NASA satellites catch a “growth spurt” from a newborn protostar

Infrared images from instruments at Kitt Peak National Observatory (left) and NASA's Spitzer Space Telescope document the outburst of HOPS 383, a young protostar in the Orion star-formation complex. Background: A wide view of the region taken from a Spitzer four-color infrared mosaic.
E. Safron et al.; Background: NASA/JPL/T. Megeath (U-Toledo)


The observed outburst reveals a sudden accumulation of gas and dust.

By NASA’s Goddard Space Flight Center, Greenbelt, Maryland, Jet Propulsion Laboratory, Pasadena, California | Published: Tuesday, March 24, 2015

Using data from orbiting observatories, including NASA’s Spitzer Space Telescope and ground-based facilities, an international team of astronomers has discovered an outburst from a star thought to be in the earliest phase of its development. The eruption, scientists say, reveals a sudden accumulation of gas and dust by an exceptionally young protostar known as HOPS 383.

Stars form within collapsing fragments of cold gas clouds. As the cloud contracts under its own gravity, its central region becomes denser and hotter. By the end of this process, the collapsing fragment has transformed into a hot central protostar surrounded by a dusty disk roughly equal in mass, embedded in a dense envelope of gas and dust. Astronomers call this a “Class 0” protostar.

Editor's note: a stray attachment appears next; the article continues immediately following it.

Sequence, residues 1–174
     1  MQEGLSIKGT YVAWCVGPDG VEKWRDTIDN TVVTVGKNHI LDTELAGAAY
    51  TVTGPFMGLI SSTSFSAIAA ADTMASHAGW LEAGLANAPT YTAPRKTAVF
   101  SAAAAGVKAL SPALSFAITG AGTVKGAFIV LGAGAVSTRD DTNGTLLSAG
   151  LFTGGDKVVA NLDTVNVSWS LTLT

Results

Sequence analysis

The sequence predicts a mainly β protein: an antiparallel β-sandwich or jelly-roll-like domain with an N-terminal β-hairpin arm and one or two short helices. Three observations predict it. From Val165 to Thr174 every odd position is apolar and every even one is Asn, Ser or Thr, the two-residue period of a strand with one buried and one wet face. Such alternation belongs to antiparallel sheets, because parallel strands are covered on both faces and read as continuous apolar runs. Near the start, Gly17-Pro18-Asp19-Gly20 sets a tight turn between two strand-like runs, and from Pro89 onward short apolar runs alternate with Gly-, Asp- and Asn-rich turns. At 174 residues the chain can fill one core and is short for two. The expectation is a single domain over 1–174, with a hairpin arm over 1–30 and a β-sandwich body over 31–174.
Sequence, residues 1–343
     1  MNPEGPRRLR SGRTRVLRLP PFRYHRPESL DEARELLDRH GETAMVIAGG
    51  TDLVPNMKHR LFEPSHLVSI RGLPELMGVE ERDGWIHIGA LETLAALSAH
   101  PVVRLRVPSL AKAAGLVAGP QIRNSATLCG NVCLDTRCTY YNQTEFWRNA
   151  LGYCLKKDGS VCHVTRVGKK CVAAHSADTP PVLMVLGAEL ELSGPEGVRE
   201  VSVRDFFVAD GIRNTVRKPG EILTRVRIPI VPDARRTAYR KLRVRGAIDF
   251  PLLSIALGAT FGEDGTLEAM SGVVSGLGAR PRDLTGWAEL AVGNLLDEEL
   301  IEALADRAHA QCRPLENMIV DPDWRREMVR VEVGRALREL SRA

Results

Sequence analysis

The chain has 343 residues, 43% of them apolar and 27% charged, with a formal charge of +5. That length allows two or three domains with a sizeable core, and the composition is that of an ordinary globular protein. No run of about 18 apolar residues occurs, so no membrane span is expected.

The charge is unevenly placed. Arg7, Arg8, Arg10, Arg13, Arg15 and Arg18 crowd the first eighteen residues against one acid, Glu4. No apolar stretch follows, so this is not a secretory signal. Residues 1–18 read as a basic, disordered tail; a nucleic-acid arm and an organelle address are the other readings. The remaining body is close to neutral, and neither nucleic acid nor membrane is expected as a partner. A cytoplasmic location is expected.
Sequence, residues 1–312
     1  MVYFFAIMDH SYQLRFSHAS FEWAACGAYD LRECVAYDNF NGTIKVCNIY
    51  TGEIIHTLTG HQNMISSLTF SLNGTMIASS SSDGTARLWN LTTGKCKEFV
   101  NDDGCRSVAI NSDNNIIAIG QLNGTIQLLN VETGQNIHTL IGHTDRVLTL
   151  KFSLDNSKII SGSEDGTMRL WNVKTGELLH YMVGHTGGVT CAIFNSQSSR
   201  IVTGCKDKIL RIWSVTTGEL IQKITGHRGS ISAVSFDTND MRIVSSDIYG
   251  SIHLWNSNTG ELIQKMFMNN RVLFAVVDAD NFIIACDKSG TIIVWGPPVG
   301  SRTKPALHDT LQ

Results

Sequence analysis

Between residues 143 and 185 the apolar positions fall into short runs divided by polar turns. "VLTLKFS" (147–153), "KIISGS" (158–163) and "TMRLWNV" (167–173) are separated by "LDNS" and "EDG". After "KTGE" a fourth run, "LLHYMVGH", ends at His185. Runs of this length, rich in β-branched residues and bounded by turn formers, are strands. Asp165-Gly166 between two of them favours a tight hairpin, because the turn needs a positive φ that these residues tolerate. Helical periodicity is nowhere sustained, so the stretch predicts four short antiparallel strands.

“HOPS 383 is the first outburst we’ve ever seen from a Class 0 object, and it appears to be the youngest protostellar eruption ever recorded,” said William Fischer from NASA’s Goddard Space Flight Center in Greenbelt, Maryland.

The Class 0 phase is short-lived, lasting roughly 150,000 years, and is considered the earliest developmental stage for stars like the Sun.

A protostar has not yet developed the energy-generating capabilities of a Sun-like star, which fuses hydrogen into helium in its core. Instead, a protostar shines from the heat energy released by its contraction and by the accumulation of material from the disk of gas and dust surrounding it. The disk may one day develop asteroids, comets, and planets.

Because these infant suns are thickly swaddled in gas and dust, their visible light cannot escape. But the light warms dust around the protostar, which reradiates the energy in the form of heat detectable by infrared-sensitive instruments on ground-based telescopes and orbiting satellites.

HOPS 383 is located near NGC 1977, a nebula in the constellation Orion and a part of its sprawling star-formation complex. Located about 1,400 light-years away, the region constitutes the most active nearby “star factory” and hosts a treasure-trove of young stellar objects still embedded in their natal clouds.

To read the full Astronomy magazine article, click here…